Change request: Sim Tanks to Concrete Tanks

Hi Mary,

I wanted to give you a technical update and get your advice.

We have an issue with the six 5000L SIM tanks. We can’t get any transport company or even Cement trucks to agree to transport them to Kondoa before May or June because of the rainy season.

In addition to this, Moshi met with Mr Bago from the Tanzanian water department who has been consulting on this project since 2006 and also just had a meeting with the Cheku village elders and water committee and all parties were concerned that the plastic tanks might not be a long term solution and would be used for bow and arrow target shooting.

Mr Bago suggested a reputable concrete tank builder that has built water reservoirs in the region that have been in operation for up to 15 years without issues. Moshi has been in contact with this company and they are able to build 2 X 20,000 litre concrete reservoirs for a little less than the SIM tanks cost. Our installer Clive from Power Providers has agreed that this is the best course of action given all the variables involved.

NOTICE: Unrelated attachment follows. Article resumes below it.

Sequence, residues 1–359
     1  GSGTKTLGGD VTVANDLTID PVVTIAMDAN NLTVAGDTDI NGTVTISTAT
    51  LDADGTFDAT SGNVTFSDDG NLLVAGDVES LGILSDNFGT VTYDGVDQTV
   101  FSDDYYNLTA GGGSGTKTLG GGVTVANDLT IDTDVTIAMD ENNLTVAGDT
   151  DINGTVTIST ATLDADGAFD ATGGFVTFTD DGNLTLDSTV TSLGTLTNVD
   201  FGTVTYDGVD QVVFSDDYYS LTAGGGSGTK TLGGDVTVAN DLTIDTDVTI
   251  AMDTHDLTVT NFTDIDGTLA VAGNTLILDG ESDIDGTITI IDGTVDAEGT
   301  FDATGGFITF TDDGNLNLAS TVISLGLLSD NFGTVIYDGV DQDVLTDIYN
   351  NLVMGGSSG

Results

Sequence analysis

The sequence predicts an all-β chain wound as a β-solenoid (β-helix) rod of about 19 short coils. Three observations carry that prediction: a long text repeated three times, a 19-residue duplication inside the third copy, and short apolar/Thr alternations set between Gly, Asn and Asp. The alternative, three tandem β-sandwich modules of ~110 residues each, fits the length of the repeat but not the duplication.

I know we have to get any changes approved from you in writing so I’m wondering how you want to handle this.

– The original budget had these line items for the SIM tanks:
6 Tanks X 5000L Sim Tank
Haulage Transport of 6 tanks to Kondoa
Haulage Transport of tanks from Kondoa to Cheku
Total: $6564.00

– The concrete tank construction quote is for $5485.00 for a savings of $1079.00

– In the end we still end up with water containers but now made of concrete instead of plastic, we get more storage capacity and save a bit of money. The container build is employing more local labour and the reservoir is expected to last at least several decades – all improvements over the previous plan.

Because of the time constraints of the end of fiscal and because Moshi is gathering invoices to deliver to you next week, Moshi went ahead and started working with the reservoir installer due to our insistence that this project has to be complete by March 31.

On an accounting note, all payments are being made in Tanzanian shillings so we’re loosing a bit in exchange rates because our quotes were in dollars. As in all projects there might be some unexpected expenses during the installation so should we wait until the install is done – estimated date March 26 for the pump and March 31 for the tanks and see if the we might need the $1079?